Substitute teaching was an eye-opening experience. To say things have changed is the understatement of the YEAR!
However, ah hello…where did cursive go?
What happened to shorthand & cursive
Cursive is gone. It seems to have died the same slow death dealt to shorthand. Dead, like shorthand. Gone, quietly and unceremoniously.
I remember when shorthand was retired from the public school system in the early 80’s (at least where I went to school). Poor ole girl she fought a tough battle, but ultimately lost. I’m sure there are people who continue to learn to use shorthand to some extent, but gone are the days of steno pads, and shorthand drills.
However, I still recall those glory days. A product of the 60’s, I was so excited to get to High School in the fall of 1979 and have my shorthand book issued to me. Hysterically, similar to the book my mother had used some 20 years earlier.
Being the language freak I am (note, I did not say language guru), I was and am still amazed and intrigued by shorthand which, I consider a language. There were a couple of methods if I recall — Pittman was used in the UK and Gregg used in the US.
According to the internet, there are countries where shorthand is still taught. And I’m sure there are some professionals who would find it an advantageous and useful tool. However, if you asked someone under 40 what shorthand is / was they would be hard pressed to respond.
Cool stuff shorthand, sometimes referred to as stenography. I would often imagine myself as a WWII code breaker, transmitting and deciphering secret war time messages.
I can still write I love you – see below.
Cursive an endangered species
“You wrote your name in cursive, who taught you?” I asked. “My grandma,” the 4th grader responded. “Great job buddy!” I enthusiastically replied.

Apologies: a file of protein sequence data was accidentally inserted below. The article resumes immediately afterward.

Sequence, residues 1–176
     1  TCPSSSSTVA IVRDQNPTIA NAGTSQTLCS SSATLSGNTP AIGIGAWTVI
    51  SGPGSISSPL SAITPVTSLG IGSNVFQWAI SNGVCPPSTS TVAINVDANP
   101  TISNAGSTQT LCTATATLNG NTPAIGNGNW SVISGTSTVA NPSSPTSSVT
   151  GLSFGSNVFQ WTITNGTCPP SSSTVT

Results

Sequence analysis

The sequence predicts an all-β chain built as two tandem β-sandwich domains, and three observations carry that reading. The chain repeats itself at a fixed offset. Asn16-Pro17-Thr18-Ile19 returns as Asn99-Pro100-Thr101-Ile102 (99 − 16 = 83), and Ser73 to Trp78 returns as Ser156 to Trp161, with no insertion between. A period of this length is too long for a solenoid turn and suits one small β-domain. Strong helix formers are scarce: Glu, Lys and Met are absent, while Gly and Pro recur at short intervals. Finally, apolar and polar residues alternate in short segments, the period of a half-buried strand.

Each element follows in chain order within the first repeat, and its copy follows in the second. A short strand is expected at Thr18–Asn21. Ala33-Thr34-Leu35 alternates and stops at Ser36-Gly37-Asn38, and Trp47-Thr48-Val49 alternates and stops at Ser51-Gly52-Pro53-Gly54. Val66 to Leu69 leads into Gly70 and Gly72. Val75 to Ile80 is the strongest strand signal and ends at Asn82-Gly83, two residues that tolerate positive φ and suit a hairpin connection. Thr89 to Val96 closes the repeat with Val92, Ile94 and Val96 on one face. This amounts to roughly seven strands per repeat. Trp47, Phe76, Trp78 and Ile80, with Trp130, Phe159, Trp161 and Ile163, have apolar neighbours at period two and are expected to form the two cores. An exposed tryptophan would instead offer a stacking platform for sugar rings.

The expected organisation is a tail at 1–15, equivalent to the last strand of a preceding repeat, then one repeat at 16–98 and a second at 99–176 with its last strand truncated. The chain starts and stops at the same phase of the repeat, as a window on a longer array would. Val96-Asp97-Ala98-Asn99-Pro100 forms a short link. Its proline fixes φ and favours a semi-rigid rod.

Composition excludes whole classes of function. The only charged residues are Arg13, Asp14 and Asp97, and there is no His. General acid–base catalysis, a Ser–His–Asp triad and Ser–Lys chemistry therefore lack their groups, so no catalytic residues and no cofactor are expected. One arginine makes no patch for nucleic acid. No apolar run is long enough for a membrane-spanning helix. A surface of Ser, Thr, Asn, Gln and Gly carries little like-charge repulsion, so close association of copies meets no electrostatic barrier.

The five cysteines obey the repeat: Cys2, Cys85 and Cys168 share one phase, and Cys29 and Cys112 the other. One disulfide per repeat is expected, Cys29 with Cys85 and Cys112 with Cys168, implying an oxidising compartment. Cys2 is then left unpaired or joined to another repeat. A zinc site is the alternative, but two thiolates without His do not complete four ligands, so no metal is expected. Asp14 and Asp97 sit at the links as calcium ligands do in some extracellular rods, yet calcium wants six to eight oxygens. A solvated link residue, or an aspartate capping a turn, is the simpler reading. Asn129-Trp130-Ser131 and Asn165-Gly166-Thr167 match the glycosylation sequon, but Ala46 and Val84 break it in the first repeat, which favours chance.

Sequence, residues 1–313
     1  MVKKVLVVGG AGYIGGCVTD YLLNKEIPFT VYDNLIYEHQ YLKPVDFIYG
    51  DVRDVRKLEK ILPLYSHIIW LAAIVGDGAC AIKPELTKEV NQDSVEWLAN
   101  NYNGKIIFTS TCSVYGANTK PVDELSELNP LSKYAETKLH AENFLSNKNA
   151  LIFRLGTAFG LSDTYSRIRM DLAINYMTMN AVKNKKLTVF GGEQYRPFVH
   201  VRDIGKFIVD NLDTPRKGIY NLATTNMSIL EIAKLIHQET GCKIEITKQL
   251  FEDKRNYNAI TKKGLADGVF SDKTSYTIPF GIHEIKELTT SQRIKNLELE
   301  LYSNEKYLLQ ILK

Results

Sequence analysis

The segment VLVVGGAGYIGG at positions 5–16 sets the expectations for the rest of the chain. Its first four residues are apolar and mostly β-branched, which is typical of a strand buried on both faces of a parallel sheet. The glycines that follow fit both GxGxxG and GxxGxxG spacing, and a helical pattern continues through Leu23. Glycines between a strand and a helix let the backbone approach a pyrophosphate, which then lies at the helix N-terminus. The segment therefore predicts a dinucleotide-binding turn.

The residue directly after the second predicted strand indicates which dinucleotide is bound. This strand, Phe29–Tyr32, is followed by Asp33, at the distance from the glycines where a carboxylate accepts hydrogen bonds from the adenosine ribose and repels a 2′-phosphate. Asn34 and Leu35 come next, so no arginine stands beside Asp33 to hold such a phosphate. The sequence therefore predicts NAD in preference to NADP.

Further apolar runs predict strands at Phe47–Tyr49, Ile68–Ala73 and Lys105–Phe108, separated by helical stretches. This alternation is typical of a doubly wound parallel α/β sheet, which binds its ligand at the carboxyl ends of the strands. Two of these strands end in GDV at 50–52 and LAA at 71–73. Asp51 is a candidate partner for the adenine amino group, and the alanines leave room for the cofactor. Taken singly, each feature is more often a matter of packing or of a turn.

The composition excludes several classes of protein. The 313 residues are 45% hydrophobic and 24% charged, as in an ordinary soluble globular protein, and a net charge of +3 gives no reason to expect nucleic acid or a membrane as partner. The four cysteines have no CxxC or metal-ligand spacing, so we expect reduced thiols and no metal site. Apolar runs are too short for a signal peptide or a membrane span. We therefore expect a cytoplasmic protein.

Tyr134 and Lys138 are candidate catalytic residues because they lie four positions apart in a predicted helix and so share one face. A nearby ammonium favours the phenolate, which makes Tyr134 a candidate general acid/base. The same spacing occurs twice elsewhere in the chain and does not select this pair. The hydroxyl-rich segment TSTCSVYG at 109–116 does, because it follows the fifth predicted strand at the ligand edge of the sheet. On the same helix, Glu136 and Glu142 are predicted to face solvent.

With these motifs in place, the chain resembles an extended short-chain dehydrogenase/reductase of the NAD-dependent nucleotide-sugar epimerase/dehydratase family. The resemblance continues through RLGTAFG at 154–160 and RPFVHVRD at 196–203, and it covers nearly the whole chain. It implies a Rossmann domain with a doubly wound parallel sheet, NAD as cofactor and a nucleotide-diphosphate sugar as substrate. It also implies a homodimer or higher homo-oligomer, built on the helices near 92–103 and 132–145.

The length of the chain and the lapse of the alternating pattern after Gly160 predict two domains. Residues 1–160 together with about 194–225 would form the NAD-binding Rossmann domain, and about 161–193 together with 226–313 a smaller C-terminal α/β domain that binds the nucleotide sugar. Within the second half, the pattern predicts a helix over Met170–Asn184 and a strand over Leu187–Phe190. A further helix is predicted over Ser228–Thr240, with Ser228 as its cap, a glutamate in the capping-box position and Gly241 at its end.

As a substitute teacher, I quickly learned to not write my name on the whiteboard (not to be confused with a blackboard) in cursive, because the students could not read it if I did.
Just a few short years ago my children were taught and learned to write in cursive, I remember hearing rumors of its decline, but really paid it no mind. It’ll never happened I thought to myself. But now as my grandchildren have entered school I realize, it’s pretty much a done deal. It’s gone!
I understand the rhetoric. Just like I understood the very similar rhetoric as shorthand was enjoying her final days. Yet, it still saddens me to know my grandchildren WILL NEVER KNOW HOW TO WRITE CURSIVE.
It’s up to me to pass this on.
There’s so much to learn these days
I don’t even know where the educators would find time in the school day to add cursive. I’m not even sure of the actual status of cursive (state to state), but I’m pretty sure it’s not part of today’s standards in my state. An internet search will leave you unsure and you’ll find it a very heated and debated subject.
I’ve been so impressed with today’s teachers and students. The teachers teach some amazing concepts. And the students absorb these concepts at an incredible rate. Far more advanced at a given age than I remember being.
Today’s standards are just that, today’s standards. They are for the NOW. They are relevant and solid, and I have faith in the education system I witnessed.
Vintage themes and remembering change is progress
As much as I like vintage, I’m a big advocate for change. Believing in change and always proclaiming publicly — change is growth, change is progress.
I keep in my pocket a picture of the past a memory of long, long last.
There are things we can and should share and treasures we should care for and pass on such as recipes, prayers, memories, trinkets, skills, quilts, and last but not least, cursive and shorthand.
Like the cold war, the typewriter, and the film camera, cursive and shorthand are memories I have. Memories, my children and grandchildren don’t have. And like the memories of my parents (the draft, Elvis, and the 57 Chevy) and of my grandparents (the great depression, the jitterbug, and WWII), each set subjective. They are relevant only to OUR unique time here on earth.
The truth of the matter is
Things change, they evolve, they fade. Many traditions, arts, languages, customs, ways etc… are lost to progress or simply to time.
It’s understandable, but none the less sad.
Cursive is to today’s elementary school student what shorthand was to me.
It’s not rocket science and saving it will not end world hunger. It’s a dying art, a piece of the past, which can be shared in love, received with intrigue and recalled nostalgically.
I hope you enjoyed this look back; I know I did.
What will you pass on to the next generation?
Leave a Reply